Work under this theme will concern issues raised by the new phenomena of postmodernity in its various forms in North and South and its significance for mission. This will involve an investigation of 21st century thought structures, religious beliefs and practices as well as ethical principles in a world of information technology. It will also require consideration of the influence of post-colonialism, economic structures, internationalism and engagement (or disengagement) with institutions and particularly with institutional religion. People involved in this study will discern commonalities and particularities in postmodern developments in different regions of the world.

4. Mission and power

The task will be to discern how mission is practised in a world shaped by various forms of power: spiritual, political, military, financial and international; raising issues of culture change, human rights, ecological sustainability and inequalities in the production, distribution and consumption of resources. This track will consider tensions and asymmetries resulting from the exercise of power and how these affect the sharing and communication of the Gospel message and life. It will assess the function of both power and weakness in our understanding and practice of Christian mission.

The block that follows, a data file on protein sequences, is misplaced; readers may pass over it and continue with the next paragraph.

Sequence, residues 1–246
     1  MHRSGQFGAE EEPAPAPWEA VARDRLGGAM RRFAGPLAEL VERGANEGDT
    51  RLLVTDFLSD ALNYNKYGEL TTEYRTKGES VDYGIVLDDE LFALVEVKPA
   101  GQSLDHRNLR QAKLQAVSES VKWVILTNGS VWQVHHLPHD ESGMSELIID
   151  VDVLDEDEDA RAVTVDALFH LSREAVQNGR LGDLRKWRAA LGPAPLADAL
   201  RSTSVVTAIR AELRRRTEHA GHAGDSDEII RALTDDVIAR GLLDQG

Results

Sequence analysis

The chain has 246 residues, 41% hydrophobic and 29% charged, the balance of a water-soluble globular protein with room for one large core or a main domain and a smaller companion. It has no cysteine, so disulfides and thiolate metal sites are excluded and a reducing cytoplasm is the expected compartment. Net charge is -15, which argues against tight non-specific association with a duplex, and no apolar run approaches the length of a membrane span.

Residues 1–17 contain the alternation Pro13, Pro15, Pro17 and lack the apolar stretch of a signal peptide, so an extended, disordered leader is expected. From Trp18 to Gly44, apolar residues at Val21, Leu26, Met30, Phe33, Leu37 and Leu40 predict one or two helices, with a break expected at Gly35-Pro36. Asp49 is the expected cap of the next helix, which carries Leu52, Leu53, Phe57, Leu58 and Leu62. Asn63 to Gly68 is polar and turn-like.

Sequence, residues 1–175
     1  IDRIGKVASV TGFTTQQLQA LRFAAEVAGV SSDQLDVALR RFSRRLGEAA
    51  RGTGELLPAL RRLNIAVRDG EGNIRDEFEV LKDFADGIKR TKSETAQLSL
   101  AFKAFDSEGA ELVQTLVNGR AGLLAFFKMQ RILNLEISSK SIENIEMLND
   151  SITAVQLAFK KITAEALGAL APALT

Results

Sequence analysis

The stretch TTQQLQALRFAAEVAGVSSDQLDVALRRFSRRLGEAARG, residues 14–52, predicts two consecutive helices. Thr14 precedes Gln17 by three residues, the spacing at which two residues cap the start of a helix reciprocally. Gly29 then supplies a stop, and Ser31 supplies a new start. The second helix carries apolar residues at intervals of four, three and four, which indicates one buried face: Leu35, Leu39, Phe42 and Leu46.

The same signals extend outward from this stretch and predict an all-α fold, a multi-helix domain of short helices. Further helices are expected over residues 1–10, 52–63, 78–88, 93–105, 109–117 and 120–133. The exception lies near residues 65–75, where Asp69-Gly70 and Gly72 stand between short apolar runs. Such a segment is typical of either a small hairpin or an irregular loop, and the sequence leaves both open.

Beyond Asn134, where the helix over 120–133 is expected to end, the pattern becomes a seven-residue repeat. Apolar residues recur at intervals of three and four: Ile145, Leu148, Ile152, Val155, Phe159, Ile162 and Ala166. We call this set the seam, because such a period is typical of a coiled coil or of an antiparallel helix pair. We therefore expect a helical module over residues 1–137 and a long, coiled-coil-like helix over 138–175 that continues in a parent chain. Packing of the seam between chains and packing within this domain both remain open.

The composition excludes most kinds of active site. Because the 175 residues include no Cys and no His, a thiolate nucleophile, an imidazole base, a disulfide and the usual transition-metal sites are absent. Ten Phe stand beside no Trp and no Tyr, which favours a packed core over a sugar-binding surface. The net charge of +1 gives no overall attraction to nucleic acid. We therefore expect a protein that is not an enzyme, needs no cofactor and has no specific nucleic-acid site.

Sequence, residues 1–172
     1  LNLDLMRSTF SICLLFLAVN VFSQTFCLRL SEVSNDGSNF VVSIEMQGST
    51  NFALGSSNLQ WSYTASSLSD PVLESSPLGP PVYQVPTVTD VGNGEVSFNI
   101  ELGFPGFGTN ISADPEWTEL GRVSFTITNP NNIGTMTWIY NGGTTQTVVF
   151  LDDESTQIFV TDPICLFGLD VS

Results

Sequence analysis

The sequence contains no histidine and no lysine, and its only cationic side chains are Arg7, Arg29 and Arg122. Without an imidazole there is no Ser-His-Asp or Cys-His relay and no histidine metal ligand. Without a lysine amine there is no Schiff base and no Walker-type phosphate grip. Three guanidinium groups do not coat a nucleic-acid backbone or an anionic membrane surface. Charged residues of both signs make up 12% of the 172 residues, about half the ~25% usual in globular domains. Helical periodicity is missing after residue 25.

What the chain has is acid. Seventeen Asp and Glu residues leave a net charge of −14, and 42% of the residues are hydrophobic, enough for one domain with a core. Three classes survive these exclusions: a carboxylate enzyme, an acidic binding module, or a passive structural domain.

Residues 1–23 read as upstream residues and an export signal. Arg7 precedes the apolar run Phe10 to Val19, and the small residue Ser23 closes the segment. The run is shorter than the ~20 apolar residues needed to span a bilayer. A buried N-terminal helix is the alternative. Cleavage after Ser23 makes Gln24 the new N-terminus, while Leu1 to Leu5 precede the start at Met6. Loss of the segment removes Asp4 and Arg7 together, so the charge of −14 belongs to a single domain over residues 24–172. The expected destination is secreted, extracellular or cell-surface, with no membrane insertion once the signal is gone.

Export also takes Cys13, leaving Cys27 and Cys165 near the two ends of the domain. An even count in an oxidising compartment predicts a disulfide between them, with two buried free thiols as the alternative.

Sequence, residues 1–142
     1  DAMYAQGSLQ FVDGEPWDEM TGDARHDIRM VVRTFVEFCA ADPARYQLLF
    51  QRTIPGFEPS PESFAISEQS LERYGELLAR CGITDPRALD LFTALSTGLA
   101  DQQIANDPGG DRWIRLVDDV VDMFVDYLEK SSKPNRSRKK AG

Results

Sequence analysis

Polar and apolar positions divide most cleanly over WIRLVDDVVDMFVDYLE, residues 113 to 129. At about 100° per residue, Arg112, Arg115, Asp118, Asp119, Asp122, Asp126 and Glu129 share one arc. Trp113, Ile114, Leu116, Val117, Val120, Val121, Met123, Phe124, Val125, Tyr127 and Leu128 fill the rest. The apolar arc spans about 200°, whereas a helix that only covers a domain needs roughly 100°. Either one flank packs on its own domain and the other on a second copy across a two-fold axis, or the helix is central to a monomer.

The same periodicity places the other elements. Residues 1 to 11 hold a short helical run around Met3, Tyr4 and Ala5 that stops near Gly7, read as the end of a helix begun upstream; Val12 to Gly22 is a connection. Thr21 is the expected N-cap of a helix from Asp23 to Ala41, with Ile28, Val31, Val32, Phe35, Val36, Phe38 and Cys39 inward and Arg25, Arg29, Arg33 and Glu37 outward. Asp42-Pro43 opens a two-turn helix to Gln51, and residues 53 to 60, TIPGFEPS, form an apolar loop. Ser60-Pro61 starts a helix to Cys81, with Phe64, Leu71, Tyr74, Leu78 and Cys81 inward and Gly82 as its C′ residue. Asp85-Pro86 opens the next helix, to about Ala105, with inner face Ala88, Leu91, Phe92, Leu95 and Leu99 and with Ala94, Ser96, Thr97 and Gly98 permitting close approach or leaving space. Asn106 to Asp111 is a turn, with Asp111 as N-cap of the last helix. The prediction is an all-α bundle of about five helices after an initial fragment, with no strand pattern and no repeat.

5. Forms of missionary engagement

Work on this theme will have to start by recognising and considering the huge variety of groups, organisations, trends, methods and new expressions of church life involved in mission today. The task will then involve seeking to discern where initiative lies in today's missionary movement. It will be forward looking in assessing patterns, initiatives and developments as they emerge and consider their implications for the future. It will treat issues of mission and evangelisation strategy, diversity and cooperation and identify problems of conflict and misuse of resources. 

6. Theological education and formation

The need is to examine the connection between the catechetical and missional mandates of the Church, consider how to strengthen the missional aspects of the training and formation of every church member, as well as the ordained and lay leaders. Included in the study will be educational methodologies, theological curricula, character development, spiritual formation and the contemporary context. People involved in this theme will further examine the relation between academy and society, clergy and laity, local and global issues, resources, relevance and gifts.  

7. Christian communities in contemporary contexts